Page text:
US brokers and investment advisors continue to notify their clients who live in France that they can no longer maintain their accounts and that they must be transferred to another firm, writes Robert Levitt, founder of Levitt Capital Management.
This leads many individual investors who live in France in a predicament, particularly when they have an IRA account. It can be challenging to find another custodian who will accept a French resident.
There is nothing inherently illegal about US custody firms having clients in Europe or France for that matter, but for the investment firm, unless they have a substantial client base there, it probably isn’t worth the time and expense of achieving the necessary compliance requirements suitable for US citizens who live in Europe.
Compliance and regulation is based on where the client lives. So, a French resident, no matter their citizenship, is subject to French regulation as well as European wide regulation. It gets even more complicated for US citizens who live in France, because US citizens are subject to citizen-based taxation, meaning that their investments may be taxed in the US and not their country of residence, as almost every other investor is.
This is not as scary as it might seem as there are more than sufficient investment strategies and custodians open to the US citizen who lives in Europe, but the challenge is sometimes finding those with the knowledge and expertise to navigate both European regulatory rules and US taxes.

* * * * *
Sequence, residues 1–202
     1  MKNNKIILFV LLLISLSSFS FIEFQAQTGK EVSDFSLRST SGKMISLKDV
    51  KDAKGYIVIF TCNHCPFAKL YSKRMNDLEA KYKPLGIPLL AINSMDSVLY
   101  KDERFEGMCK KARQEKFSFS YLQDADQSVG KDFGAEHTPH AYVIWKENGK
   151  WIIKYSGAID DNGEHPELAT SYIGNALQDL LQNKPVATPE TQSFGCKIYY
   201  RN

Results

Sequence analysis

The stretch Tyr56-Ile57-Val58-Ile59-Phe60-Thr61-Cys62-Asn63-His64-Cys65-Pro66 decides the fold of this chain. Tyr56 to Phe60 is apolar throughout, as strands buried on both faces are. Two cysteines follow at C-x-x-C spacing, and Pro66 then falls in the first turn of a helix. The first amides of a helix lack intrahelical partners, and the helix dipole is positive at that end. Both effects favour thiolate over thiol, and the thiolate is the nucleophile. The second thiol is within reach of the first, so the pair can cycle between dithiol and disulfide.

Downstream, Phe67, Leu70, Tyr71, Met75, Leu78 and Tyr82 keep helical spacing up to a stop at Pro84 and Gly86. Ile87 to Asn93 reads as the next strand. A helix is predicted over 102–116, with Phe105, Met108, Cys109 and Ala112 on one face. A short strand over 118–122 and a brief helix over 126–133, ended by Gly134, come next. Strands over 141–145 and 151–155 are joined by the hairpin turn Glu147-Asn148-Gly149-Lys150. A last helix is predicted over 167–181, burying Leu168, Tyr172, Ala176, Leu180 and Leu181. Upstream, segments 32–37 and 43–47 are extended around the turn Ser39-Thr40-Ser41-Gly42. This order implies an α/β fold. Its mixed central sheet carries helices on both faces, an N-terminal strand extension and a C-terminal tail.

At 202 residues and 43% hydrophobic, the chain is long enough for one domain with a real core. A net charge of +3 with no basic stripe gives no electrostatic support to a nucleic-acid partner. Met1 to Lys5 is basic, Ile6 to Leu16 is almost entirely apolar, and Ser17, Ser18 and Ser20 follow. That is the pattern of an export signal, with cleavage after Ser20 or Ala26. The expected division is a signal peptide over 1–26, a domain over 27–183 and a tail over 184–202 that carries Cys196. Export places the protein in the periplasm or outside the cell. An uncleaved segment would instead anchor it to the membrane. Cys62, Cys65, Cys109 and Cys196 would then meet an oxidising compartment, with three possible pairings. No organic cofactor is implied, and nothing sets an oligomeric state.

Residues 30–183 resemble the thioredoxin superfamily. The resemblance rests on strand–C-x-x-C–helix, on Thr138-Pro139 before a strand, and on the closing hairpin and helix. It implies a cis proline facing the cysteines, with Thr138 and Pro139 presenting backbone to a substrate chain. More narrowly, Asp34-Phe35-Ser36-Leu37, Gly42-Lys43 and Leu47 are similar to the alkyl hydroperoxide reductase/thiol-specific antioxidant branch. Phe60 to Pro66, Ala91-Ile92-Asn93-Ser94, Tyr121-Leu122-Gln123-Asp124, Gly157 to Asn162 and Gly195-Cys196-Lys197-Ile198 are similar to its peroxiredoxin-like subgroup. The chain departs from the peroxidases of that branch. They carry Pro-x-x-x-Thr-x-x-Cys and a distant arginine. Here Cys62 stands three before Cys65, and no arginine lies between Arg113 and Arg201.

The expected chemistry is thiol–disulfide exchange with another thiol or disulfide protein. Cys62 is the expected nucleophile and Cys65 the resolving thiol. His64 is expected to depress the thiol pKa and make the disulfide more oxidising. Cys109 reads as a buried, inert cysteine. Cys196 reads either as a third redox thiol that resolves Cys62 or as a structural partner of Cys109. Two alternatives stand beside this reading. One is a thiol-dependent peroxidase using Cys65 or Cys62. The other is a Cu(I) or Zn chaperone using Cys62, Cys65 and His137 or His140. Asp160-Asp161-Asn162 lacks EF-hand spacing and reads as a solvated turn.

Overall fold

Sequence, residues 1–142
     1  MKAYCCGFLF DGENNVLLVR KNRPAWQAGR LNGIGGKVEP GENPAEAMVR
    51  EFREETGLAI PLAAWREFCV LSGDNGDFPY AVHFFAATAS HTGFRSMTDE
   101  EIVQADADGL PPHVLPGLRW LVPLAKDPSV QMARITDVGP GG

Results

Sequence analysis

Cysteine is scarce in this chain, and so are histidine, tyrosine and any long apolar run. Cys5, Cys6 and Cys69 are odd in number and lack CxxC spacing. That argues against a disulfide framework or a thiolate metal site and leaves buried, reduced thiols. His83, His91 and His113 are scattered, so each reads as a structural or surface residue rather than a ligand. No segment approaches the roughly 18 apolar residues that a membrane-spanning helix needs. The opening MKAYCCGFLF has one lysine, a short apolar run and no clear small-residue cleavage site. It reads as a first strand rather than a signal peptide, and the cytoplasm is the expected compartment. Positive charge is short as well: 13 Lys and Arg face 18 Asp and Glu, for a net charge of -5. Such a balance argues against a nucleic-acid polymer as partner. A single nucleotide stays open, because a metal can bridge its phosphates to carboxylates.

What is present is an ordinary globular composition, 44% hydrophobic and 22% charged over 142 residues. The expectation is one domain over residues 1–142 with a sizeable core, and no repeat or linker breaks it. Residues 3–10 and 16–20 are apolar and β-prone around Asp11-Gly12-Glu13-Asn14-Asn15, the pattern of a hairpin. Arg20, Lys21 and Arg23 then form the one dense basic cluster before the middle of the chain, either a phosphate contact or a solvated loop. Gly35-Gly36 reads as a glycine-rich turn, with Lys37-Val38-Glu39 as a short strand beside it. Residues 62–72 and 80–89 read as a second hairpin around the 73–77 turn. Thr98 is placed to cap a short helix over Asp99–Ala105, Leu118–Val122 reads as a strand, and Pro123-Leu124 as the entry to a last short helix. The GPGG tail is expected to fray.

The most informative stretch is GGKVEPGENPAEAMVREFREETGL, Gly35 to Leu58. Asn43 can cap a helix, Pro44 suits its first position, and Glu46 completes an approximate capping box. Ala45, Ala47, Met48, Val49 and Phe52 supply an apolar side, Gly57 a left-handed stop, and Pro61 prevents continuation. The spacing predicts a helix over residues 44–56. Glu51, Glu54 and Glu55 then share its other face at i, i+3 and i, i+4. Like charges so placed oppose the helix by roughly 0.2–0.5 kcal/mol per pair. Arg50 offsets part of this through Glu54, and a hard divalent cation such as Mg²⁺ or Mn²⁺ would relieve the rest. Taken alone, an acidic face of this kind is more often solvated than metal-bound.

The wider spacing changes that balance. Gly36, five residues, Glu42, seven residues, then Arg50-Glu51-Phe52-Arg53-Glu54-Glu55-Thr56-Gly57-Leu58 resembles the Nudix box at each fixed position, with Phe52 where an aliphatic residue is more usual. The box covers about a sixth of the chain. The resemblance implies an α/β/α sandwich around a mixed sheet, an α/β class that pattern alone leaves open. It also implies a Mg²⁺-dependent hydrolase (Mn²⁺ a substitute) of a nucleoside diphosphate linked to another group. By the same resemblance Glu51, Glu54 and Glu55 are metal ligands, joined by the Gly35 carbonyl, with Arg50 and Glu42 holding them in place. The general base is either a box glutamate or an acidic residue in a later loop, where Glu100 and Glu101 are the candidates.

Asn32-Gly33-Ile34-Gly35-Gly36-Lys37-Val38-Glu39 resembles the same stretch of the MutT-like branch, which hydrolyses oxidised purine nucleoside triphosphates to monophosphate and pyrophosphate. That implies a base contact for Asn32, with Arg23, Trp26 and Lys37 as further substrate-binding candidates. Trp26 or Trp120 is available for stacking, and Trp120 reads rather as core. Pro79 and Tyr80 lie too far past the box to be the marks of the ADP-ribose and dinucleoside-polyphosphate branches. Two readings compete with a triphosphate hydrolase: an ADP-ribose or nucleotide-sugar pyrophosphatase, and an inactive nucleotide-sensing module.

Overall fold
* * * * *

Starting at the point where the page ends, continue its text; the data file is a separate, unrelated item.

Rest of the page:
Retirement assets, like an IRA, don’t have to be custodied in the US, but there are very few French financial institutions that would be willing to accept the liability that goes with opening such an account. So, when the call or letter comes, the U.S. citizen in France often goes into a panic and they realize that if they don’t find another custodian or investment advisor in a relatively short period, then their accounts will be liquidated to cash causing not only immediate tax liability, but also the potential for a 10% early withdrawal penalty.
Keep in mind that French financial institutions, as most other places in Europe, are primarily dealing with clients who are subject to residence based-taxation (RBT). This means that their focus from both a tax and regulatory perspective is everyone other than U.S. citizens. Hence, they don’t produce the tax reporting needed by Americans nor are they familiar with the constantly changing mix of tax rules that impacts Americans who live abroad.
There are options for US citizens to have any kind of US retirement account while living in France and the number of choices is expected to continue to increase as more US firms see the huge growth potential that Europe represents.
This article was written for International Adviser by Robert Levitt, founder of Levitt Capital Management.